The family photos she includes are wonderful (you can also see them on the Amazon listing).

Highly recommended.

Wednesday, October 19, 2011

Six weeks in review

I've spent an embarrassing amount of time today trying to figure out how to represent the last six weeks of my life as a line graph. Tonight was the last session of my running class and I realized today that quite a lot has happened since I began.

I was hoping to create a graph with the horizontal axis listing dates from mid-September til now, and the vertical axis showing my stress level on a scale of 1 to 10. The goal was to show how CRAZY and STRESSFUL and OFF THE CHARTS my life has been lately. A veritable emotional roller coaster.

But I'm no master of excel, so I'm going to have to stick with my normal method: the long winded essay.

Let's go back to the week of September 12th, shall we? That was the first night of my running class. I ran a 10:22 minute mile. Awesome. Very happy and proud of myself.  A new way to unwind is always a good thing. This came in handy when, later that week, Hubbins and I had an uncomfortable but necessary conversation about our spending. Mostly mine. And how it was excessive. Or something like that, the details are hazy.

On September 21st, Hubbins started school! HOORAY! He's pretty much a genius full of untapped mental resources. He's talked vaguely about going back to school before, but never very seriously. This year, with prodding from his boss, he decided to make it happen. He's working toward a four year degree (estimated graduation date: Spring 2013). His strength is numbers so he's nervous about all the reading and writing it's going to require. I keep reminding him that this is why he married an English major. And why I married a math whiz who can budget.

The next week, Hubbins left town for three days on a business trip. I decided not to go (having saved nothing for a weekend at the spa). It was just as well I stayed home.

On Thursday the 29th, I got an email from my dad saying that the nursing home we visited had an opening and Mom could move in immediately. Gulp. On Friday, my sister and I packed a suitcase and gathered a few mementos from home for Mom to take with her. This was one of the hardest things I've ever had to do. Mom was emotional about leaving home, and it took all the strength we could muster to stay positive and reassure her the change would be a good thing. We smiled and rubbed her back and promised she'd be in good hands and that we'd visit often. But all I wanted to do was cry in her lap. I desperately wanted Mom to reassure me that everything would be OK and that she understood our good intentions. It was a terrible day, and I went home to an empty house.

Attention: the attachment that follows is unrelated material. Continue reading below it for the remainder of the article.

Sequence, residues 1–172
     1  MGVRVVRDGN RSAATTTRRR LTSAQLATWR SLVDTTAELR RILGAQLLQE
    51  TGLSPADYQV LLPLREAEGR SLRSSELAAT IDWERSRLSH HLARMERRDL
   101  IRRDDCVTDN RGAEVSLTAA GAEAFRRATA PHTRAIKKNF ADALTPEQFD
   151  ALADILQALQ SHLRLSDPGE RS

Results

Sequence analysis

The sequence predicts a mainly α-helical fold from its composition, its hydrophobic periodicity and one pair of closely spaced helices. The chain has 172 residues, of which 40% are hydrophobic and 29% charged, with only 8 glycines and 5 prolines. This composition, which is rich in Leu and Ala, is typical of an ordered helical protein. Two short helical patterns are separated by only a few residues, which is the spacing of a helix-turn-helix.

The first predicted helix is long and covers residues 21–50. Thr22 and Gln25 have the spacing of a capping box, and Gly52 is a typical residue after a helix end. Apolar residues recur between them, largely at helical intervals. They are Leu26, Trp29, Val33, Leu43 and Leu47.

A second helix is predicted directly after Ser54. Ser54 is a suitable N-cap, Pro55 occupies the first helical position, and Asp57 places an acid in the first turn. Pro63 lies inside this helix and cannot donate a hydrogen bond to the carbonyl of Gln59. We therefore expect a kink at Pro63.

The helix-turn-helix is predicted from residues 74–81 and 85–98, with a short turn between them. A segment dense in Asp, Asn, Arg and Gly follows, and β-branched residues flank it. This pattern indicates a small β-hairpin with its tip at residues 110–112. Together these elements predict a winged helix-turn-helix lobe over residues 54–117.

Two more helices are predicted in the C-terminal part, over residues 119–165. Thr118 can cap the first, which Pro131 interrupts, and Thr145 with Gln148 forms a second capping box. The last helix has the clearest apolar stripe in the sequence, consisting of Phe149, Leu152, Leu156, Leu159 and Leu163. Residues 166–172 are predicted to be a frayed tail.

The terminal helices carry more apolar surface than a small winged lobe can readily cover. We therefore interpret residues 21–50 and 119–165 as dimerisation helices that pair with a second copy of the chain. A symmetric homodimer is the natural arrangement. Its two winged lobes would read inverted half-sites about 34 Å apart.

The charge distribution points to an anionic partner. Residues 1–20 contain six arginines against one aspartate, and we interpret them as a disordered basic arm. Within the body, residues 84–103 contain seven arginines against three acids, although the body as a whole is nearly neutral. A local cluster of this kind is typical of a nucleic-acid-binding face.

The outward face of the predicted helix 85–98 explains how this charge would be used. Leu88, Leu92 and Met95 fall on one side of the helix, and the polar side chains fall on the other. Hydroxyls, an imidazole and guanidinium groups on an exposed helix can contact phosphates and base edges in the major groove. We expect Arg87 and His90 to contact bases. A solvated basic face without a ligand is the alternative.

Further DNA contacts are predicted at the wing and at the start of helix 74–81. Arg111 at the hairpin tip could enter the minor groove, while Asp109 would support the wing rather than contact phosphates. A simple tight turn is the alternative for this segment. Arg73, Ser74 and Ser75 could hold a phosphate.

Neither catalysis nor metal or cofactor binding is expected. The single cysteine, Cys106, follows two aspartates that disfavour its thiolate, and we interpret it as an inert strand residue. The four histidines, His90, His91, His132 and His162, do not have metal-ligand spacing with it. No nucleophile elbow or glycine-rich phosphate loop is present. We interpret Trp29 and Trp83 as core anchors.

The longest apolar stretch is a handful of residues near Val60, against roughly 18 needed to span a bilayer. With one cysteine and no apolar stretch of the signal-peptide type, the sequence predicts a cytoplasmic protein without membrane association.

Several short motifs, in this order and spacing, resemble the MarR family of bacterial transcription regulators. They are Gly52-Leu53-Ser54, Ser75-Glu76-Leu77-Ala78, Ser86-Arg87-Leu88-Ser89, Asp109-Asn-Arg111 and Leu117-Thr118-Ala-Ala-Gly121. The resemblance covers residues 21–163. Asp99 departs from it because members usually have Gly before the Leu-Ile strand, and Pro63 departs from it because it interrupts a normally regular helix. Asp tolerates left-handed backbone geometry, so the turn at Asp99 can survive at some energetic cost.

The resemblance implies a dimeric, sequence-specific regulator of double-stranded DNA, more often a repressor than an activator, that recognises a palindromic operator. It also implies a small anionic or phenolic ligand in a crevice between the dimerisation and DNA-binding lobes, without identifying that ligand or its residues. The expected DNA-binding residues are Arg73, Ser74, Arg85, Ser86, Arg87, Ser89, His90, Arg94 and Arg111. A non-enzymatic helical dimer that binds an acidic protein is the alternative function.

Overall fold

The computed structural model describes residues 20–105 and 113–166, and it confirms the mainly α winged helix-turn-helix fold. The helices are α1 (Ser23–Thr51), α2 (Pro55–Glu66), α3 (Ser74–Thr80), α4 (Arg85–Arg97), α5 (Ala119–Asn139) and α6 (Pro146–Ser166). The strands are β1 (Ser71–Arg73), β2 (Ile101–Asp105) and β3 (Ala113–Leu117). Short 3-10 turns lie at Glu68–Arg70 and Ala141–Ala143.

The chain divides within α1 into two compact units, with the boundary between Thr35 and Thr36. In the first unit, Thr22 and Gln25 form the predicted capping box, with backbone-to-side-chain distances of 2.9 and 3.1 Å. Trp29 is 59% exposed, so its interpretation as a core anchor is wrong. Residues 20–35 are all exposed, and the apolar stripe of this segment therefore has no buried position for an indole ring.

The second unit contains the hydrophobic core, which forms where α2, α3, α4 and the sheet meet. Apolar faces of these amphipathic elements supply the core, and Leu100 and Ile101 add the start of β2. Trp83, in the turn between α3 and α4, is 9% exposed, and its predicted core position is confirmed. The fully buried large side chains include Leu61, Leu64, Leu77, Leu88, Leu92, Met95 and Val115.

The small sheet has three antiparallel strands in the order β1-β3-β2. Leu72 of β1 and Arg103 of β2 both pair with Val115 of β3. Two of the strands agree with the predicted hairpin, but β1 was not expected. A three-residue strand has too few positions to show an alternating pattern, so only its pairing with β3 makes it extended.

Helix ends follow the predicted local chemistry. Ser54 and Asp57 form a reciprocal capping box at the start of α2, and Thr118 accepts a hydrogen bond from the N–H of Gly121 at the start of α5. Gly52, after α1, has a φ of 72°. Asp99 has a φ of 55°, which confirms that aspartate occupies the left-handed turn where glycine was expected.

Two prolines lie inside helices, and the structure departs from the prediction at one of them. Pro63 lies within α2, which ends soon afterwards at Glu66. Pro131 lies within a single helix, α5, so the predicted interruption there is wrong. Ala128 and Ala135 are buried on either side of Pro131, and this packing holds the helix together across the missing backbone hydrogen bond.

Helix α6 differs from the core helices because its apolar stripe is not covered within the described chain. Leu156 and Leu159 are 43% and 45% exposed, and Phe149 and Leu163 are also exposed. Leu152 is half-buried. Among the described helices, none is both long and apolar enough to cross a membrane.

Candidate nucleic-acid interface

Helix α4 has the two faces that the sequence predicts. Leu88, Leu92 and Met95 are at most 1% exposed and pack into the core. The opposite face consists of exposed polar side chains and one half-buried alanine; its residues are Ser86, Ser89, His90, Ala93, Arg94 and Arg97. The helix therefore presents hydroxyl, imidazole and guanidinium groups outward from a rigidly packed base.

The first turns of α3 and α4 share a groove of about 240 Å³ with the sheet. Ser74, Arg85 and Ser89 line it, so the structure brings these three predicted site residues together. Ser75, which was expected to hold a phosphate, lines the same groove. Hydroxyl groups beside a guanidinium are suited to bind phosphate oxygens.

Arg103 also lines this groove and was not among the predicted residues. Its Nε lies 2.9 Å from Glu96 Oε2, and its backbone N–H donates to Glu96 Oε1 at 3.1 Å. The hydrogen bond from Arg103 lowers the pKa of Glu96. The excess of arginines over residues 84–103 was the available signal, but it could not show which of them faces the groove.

When Hubbins came home, we worked on his first few homework assignments before I left on vacation. My co-worker and exercise buddy Michelle and I took off for PALM SPRINGS! We shopped, got facials, read, laid in the sun by the pool, and ate at an awesome new restaurant downtown Palm Springs. Sunshine never felt so medicinal.

My first day back to work was uneventful, until I got home to a waterfall over the front door.

A week later, once the fans and de-humidifiers were finally removed and the floor-to-ceiling plastic pulled down, we thought the worst was over. Then our oven blew up. Hubbins and I were watching TV on Monday this week when we saw a blazing light coming from inside the oven. We peeked through the oven window and it was like looking directly into the sun. I thought a biscuit had fallen off the cookie sheet and burst into flames. But the the heating element had split in two. Repairs pending.

Throughout all this, I've attended the running clinic twice a week. Tonight was our last session. I've been reflecting today on how much running has helped me cope. Even when my preference was to curl up on the couch in my jammies, I ran. Every night felt like an accomplishment. My head cleared, my muscles ached, and my perspective improved. I did a lot of emotional eating over the last six weeks and gained back several pounds, but I kept running. Tonight, my mile pace was 9:56. SUCCESS!

The next series of classes begins in two weeks. We'll be running after dark, so we get to wear headlamps. I don't know what wild and crazy things will happen between now and mid December, but running will help me take it in stride.

Wednesday, October 12, 2011

Waterlogged

You are never going to believe what happened last night. It involves firemen and flooding.